Broadway To Vegas



Copyright: August 7, 2016
By: Laura Deni


Mark Consuelos stars in the new Fox series Pitch. The cast was required to attend sexual harassment classes.
Sexual harassment is rampant, covered up and victims continue to be victimized.

With accusation running rampant that sexual harassment at Fox was pervasive, the network has responded with training classes.

Last week Mark Consuelos guested on Jimmy Kimmel and divulged that he was required by the Fox network to take a Sexual Harassment Training class - an event which he said contained 40 to 50 people. The training program was serious. Those who answered questions inappropriately were forced to stay another hour for re-training.

Consulelos stars as Oscar, a baseball team's general manager in Pitch about Ginny Baker who became the first female Major League Baseball player. Called an "inspiring series' Pitch premiers on Fox beginning September 22. Today, Sunday, August 7, there will be a preview first episode screening at Victory Field in Indianapolis as the Indianapolis Indians take on the Toledo Mud Hens. After the game the Premiere episode of Pitch will be shown.

Workplace sexual harassment is a major worldwide problem. However, sexually harassment in the broad scope entertainment industry is really an animal unto itself, with more slimy layers than a rotting onion.

Gossip about Roger Ailes' sexual exploits has been in serious circulation for years.

The fact that Ailes resigned came only after at least 20 women claimd years of sexual abuse. The dam burst when former anchor Gretchen Carlson filed a sexual harassment lawsuit against Ailes. After working for Fox News for 11 years she was abruptly fired on June 23. Nine months earlier, during a meeting with Ailes to address her feelings that she had been discriminated against, she alleges he told her that "you and I should have had a sexual relationship a long time ago."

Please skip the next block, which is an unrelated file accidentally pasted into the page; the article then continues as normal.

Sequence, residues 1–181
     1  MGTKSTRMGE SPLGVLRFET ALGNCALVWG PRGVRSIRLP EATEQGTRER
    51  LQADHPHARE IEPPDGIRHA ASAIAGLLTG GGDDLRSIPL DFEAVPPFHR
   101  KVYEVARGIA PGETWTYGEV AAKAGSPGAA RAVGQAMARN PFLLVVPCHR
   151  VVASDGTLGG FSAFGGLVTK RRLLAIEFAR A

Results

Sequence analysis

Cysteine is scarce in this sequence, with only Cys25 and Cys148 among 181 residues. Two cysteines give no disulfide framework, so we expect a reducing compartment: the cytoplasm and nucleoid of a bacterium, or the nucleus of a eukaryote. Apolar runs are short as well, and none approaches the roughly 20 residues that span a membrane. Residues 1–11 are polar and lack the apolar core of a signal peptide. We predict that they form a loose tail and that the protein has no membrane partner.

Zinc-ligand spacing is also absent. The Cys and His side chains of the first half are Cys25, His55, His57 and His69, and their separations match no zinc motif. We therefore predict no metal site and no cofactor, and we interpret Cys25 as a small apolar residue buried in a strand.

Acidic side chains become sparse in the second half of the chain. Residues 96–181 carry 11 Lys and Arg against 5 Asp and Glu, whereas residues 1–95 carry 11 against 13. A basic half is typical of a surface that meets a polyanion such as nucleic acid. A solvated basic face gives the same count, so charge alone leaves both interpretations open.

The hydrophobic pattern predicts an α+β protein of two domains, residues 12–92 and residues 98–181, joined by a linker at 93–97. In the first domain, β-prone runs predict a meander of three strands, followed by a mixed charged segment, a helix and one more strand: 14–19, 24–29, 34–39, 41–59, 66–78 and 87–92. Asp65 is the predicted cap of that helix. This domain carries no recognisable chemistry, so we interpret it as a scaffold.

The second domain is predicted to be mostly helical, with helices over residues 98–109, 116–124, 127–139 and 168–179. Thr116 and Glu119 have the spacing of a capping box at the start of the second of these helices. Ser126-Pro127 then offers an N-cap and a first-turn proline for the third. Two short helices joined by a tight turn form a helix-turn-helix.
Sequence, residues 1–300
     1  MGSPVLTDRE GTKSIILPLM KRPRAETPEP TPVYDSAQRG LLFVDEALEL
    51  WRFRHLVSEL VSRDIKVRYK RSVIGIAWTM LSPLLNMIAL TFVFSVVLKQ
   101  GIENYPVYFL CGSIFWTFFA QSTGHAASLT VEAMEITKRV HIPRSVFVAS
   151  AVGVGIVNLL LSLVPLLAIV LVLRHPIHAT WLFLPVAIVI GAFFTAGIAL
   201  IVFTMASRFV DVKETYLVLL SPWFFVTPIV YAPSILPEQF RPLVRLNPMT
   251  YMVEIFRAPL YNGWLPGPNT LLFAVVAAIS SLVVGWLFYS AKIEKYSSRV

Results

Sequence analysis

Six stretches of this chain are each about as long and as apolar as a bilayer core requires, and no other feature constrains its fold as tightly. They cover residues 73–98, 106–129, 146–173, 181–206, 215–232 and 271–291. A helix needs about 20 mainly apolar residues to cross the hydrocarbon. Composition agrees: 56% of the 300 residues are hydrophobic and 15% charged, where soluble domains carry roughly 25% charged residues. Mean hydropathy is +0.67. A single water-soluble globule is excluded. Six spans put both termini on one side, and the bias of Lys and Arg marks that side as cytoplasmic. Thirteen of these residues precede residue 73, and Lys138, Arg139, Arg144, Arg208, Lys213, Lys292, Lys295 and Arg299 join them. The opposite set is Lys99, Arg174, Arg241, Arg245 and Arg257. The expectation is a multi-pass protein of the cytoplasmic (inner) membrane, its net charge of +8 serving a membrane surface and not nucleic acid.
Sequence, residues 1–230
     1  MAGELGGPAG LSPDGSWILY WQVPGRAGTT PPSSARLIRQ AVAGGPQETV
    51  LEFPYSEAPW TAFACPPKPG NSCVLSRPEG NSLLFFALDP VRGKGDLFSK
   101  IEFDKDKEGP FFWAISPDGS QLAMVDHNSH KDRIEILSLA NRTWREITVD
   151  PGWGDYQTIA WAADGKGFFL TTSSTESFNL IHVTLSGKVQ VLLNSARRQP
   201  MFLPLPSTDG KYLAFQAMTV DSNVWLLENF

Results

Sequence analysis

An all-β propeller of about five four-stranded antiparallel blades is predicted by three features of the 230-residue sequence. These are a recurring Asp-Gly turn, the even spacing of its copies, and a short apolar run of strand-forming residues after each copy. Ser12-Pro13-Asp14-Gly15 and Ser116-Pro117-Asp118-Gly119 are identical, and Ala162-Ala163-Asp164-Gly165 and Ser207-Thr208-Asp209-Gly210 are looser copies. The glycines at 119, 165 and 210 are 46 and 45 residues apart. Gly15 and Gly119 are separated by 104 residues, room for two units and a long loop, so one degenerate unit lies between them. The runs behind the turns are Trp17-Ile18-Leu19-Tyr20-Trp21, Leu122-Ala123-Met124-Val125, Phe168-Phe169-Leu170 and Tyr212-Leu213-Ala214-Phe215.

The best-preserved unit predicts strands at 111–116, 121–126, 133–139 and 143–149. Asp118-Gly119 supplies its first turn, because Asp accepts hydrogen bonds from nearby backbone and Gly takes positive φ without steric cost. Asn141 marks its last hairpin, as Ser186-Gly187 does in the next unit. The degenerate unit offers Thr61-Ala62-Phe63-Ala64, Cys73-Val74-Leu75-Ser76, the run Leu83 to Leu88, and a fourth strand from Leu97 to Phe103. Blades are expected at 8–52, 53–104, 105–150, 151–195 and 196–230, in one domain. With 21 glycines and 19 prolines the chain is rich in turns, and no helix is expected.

Carlson's lawsuit contends that Ailes, 76, ogled her, repeatedly commented about her legs, urged her to wear clothes that emphasized her figure and told her she was sexy but "too much hard work."

Ailes had announced that he'd slept with with three Miss Americas but not Carlson who was crowned Miss American in 1989.

Carlson asserts that she was fired as a host of the morning show Fox & Friends in 2013, resulting in a pay reduction with the transfer to a daytime slot, because she had complained about sexual harassment.

She had to have known there would be blowback and people who would defend Ailes.

As might be expected questions are being raised as to whether women who spend years enduring inappropriate behavior, complaining only after they are fired or demoted, could appear to be viewed as having given a type of consent to their sexual harrasment.

These aren't women in low level, minimum wage jobs who are desperate to feed their kids and keep the lights on.

Roger Ailes is represented by high profile attorney Susan Estrich who has stated that there has been a "rush to judgment."
Before famous victims are tarred and feathered, ask yourself: if the guy in charge offered you a multimillion dollar contract, fame and all the perks that go along with it, under the condition that you have various forms of sex with him, or activities such as dancing for him in a garter belt - would you?

To keep your lucrative position would you get down on your knees and pledge allegiance to your boss? No, not in Iran - America.

The later is what is alleged to have been required of Laurie Luhn, a former Fox News booker of 20 years.

While Ailes is the name which immediately pops up - he's not the only one who thinks of himself as a demi-god. Only in the eyes of these guys, they remove the qualifying "demi." Once a man who would become a television executive waited for me outside a ladies room in a Las Vegas Hotel. As I exited he grabbed my breasts and crotch - then laughed.

It's all about power and control.

Show business in all its forms has a unique lack of a straight laced moral code. An old joke reads: What are the Hollywood 10 Commandments? Answer: 6 Thou Shall Not's and 4 - Just do the best you can.

It isn't go along to get along. Rather, go along to keep a sought after lifestyle in one of the world's most competitive of occupations. It's also go along or you'll regret it.

Numerous people have used coded phrases that I don't know how to "be friendly" or "get along." Yes, I used to complain - a lot.

Three examples to establish some serious points: Sexual harassing men have MODs; They are vindictive; There are others who know and cover up, and without a support system you are fair game for revenge from anyone and everyone.